PEI

'We will not forget you:' Sisters in Spirit Vigil honours MMIWG

A Sisters in Spirit vigil was held at Confederation Landing Park in Charlottetown Friday to honour the many missing and murdered Indigenous women, girls and two-spirit people in Canada.

'Unless something is done, it will continue to be an issue in our communities'

The annual event honours the more than 1,000 missing and murdered Indigenous women, girls and two-spirit people in Canada. (Isabella Zavarise/CBC)

"We will not forget you, we'll always honour you. No matter what we do, we'll stand and fight for you."

Those were the words to a song written by Starr Bennett and sung at the Sisters in Spirit vigil at Confederation Landing Park in Charlottetown Friday, one of many across the country held on this day to honour the many missing and murdered Indigenous women, girls and two-spirit people in Canada.

"We've been fighting for this for a long time. We meet here every year and it just means so much," said Marlene Thomas, the interim president of the Aboriginal Women's Association of Prince Edward Island.

Thomas said she was proud of the substantial crowd that came out for the vigil.

In June the national inquiry on missing and murdered Indigenous women and girls released its report with 231 sweeping recommendations to address systemic violence in Indigenous communities.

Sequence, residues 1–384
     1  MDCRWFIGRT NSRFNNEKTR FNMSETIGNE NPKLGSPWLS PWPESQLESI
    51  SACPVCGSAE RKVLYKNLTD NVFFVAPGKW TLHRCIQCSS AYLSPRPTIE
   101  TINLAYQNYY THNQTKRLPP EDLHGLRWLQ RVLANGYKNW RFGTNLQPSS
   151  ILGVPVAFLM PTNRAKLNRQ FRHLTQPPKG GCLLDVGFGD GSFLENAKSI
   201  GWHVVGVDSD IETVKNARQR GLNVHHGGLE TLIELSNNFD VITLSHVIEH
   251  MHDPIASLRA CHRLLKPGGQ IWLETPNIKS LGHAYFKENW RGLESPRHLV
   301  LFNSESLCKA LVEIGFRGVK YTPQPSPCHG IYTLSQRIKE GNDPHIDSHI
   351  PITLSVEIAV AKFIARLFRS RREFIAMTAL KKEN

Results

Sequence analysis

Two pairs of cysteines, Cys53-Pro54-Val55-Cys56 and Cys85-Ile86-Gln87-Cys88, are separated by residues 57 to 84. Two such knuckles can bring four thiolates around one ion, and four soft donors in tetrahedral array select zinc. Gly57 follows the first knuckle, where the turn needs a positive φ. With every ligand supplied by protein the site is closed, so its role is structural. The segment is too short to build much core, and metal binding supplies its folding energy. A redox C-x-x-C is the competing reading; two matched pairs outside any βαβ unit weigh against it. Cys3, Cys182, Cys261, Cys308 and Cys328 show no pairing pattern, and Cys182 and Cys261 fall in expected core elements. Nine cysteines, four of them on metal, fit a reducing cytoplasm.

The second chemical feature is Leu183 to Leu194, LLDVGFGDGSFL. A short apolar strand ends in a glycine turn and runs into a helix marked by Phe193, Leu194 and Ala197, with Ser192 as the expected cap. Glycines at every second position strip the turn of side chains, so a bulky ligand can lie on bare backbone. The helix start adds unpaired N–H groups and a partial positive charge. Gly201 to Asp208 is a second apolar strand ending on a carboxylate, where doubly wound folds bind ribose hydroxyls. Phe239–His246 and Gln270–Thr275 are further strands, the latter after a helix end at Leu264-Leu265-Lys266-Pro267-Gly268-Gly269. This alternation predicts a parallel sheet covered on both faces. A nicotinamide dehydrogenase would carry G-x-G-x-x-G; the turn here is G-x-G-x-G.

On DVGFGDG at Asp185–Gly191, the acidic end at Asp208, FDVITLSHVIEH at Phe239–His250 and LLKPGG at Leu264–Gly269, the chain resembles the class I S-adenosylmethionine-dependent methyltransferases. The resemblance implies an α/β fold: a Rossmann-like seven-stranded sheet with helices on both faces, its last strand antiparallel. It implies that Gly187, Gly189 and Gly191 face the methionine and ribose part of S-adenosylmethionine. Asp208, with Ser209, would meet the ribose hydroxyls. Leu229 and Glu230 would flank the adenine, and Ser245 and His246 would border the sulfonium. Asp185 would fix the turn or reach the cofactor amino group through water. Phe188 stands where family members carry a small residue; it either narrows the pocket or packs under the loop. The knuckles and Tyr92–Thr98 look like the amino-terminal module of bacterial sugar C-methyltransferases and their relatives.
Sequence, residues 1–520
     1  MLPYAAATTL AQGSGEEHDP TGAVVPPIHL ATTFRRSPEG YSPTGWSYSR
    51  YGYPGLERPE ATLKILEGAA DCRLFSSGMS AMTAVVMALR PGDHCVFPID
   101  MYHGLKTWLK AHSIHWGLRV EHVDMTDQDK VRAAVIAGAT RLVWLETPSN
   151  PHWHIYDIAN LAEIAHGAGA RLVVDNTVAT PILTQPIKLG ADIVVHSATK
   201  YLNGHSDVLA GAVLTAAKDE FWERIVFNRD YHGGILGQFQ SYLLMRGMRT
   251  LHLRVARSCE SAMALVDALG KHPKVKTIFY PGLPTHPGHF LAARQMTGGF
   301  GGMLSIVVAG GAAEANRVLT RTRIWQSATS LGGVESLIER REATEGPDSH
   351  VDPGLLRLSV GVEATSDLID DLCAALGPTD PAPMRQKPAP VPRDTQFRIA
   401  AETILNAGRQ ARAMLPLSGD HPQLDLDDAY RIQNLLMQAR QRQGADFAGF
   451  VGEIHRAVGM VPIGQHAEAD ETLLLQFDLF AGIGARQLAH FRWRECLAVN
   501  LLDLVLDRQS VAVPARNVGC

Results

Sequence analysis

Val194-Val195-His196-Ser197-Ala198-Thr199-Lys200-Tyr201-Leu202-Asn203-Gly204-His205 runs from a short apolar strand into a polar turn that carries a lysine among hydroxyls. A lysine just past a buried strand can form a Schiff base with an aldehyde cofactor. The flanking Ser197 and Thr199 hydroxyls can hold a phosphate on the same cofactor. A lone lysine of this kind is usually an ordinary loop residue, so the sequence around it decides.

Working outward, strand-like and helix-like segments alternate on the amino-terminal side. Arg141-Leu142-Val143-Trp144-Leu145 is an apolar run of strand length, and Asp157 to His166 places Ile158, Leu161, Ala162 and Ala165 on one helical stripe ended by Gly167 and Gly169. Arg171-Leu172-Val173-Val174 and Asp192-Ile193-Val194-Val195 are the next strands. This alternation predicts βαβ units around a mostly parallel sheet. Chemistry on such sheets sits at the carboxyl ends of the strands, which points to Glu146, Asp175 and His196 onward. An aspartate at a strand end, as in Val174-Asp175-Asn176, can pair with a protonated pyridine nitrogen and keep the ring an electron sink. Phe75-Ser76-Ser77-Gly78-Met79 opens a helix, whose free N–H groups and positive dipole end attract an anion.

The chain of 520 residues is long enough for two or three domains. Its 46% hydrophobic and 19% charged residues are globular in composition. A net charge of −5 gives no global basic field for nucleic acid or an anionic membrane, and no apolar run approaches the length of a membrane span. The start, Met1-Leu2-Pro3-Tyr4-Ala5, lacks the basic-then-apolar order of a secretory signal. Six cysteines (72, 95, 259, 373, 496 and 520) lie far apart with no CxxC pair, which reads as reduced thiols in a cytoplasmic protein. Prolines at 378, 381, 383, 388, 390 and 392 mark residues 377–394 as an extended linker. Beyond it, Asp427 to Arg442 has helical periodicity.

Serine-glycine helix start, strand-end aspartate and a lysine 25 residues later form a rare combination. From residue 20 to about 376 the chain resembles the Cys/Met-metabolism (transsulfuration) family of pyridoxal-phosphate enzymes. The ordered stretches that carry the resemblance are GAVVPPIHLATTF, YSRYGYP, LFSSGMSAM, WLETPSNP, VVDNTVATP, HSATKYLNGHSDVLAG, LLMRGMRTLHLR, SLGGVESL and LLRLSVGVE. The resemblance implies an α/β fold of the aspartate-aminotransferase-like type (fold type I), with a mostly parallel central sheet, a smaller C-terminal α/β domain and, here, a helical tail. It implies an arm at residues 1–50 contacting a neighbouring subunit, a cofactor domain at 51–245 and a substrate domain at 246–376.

Thomas said she hopes the report and Friday's vigil remind the provincial and municipal governments to act. 

"We have to put everything in action and all work together," she said. "I'm so happy they were all here to address this and they all spoke on it."

'Unless something is done, it will continue'

The day was also dedicated to P.E.I. Mi'kmaq elder Alma MacDougall who died earlier this year due to health complications. 

Sisters in Spirit vigild are held in cities and towns across Canadian cities every Oct. 4 since 2004. (Isabella Zavarise/CBC )

"She was extremely committed to the Sisters in Spirit vigil along with the cause of missing and murdered Indigenous women across Canada," said Thomas. "We know, Alma, that you are standing with us today."

This was Sister Shelley Grant first time at a Sisters in Spirit vigil, since she moved to P.E.I in April.

Grant has worked with Indigenous communities in B.C. and the Yukon and echoed Thomas's calls to action.

"Unless something is done, it will continue to be an issue in our communities," she said. 

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About the Author

Isabella Zavarise is a video journalist with CBC in P.E.I. You can contact her at isabella.zavarise@cbc.ca

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